Nanook passed away in 1995 at the age of 18 while Sheba died in 2012 when she was 35. Anana arrived from Canada in 1979 and died in 1999.
The zoo had previously announced that polar bears will no longer be part of its exhibits, following discussions with its Animal Welfare and Ethics Committee in 2006.
“This is in line with the Zoo’s stronger focus on featuring tropical wildlife and threatened South-east Asian species in need of ex-situ management programmes.”
This means that Inuka is Singapore’s last polar bear, in light of the zoo’s announcement in 2006 that it would no longer bring any more polar bears to an equatorial climate following discussions with its Animal Welfare and Ethics Committee.
Watch this video to see how Inuka celebrated its birthday last year!
Also there to sketch Inuka was Ms Ryanto’s colleague, Mr Philip Garcia, who has been drawing animals at the Singapore Zoo for the past seven years.
“I got the email about Inuka’s condition today, and figured I should come since his days are numbered,” said Mr Garcia, 61.
Jollibee is finally open at Waterway Point and the queues are insane
It is no secret that Singaporeans love their fried chicken, especially the ones from the famous Filipino fast-food chain, Jollibee.
When people heard that an outlet would be opening at Waterway Point on 18 July (Friday), you can bet that many people were pretty excited about the news.
And to show their enthusiasm, some people started queueing outside the store from as early as 7.30am.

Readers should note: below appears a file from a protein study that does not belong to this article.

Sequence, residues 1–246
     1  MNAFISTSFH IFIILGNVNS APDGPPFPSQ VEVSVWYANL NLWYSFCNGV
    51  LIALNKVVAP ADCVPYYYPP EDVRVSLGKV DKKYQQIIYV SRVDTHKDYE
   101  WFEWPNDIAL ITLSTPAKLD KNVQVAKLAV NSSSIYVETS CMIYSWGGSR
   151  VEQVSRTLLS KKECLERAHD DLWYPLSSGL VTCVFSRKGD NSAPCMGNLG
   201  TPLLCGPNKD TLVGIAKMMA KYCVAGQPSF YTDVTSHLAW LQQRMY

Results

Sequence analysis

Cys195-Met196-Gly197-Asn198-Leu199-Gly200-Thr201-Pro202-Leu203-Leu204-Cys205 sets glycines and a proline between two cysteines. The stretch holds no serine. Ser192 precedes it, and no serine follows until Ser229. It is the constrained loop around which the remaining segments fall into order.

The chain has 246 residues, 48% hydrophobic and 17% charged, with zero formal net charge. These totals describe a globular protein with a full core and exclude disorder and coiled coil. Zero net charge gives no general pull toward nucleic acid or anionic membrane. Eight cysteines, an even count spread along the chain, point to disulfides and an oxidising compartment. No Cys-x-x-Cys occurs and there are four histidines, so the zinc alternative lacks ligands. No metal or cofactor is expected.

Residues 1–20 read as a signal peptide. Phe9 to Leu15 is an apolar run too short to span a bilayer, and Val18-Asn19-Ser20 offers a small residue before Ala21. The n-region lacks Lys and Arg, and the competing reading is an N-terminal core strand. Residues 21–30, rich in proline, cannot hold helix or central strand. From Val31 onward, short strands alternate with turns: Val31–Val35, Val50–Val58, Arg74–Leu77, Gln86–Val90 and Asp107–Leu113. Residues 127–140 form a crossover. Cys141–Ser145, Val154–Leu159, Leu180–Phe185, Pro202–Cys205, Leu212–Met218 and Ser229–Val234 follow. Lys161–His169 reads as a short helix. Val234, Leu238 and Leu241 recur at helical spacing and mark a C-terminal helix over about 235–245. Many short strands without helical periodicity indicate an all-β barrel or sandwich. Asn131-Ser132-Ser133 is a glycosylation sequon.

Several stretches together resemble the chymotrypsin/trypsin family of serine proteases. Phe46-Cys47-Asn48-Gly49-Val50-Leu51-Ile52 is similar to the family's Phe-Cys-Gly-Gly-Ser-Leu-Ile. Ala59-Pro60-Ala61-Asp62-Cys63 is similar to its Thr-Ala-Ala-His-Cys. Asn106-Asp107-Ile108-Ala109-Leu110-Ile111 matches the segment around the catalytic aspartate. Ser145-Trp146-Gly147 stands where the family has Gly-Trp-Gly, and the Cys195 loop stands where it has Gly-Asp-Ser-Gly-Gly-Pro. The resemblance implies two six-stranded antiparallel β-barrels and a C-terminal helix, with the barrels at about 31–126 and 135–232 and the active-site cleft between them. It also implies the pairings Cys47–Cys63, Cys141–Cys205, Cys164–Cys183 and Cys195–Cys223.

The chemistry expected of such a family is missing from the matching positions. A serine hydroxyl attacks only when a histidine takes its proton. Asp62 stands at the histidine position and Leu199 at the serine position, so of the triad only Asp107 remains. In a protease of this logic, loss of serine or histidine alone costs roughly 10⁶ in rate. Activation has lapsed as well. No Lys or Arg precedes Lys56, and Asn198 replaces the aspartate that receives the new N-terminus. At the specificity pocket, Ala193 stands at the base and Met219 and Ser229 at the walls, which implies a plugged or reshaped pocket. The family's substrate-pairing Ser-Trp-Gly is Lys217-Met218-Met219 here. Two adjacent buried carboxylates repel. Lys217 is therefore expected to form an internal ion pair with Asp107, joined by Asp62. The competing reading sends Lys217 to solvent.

Jollibee snapped some pictures of the insane queues and shared them on Facebook to show everyone how well-loved their fried chicken is.
One reason for the long queues was that the first 100 people in the line were entitled to the very adorable Jollibee pillows. The lucky first 5 customers managed to walk away with the limited edition Jollibee Funko POP! Figurine.
So, if you’re a fried chicken lover and you live near Waterway Point, you definitely need to check Jollibee’s new outlet out (maybe after the queues have died down)!
Address: 83 Punggol Central, Singapore 828763
Opening Hours: 8am – 10pm
Nearest Station: Punggol
Photo credits: Jollibee Singapore
Singapore’s first and only Hello Kitty themed cafe to shut down in 2019
All good things come to an end — and so it shall be with Hello Kitty. Not the actual character of course, but the themed cafe inspired by the iconic feline character at Changi Airport Terminal 3. Earlier today, the 24-hour eatery announced in a Facebook post that they will officially shut its doors for good on February 8, 2019.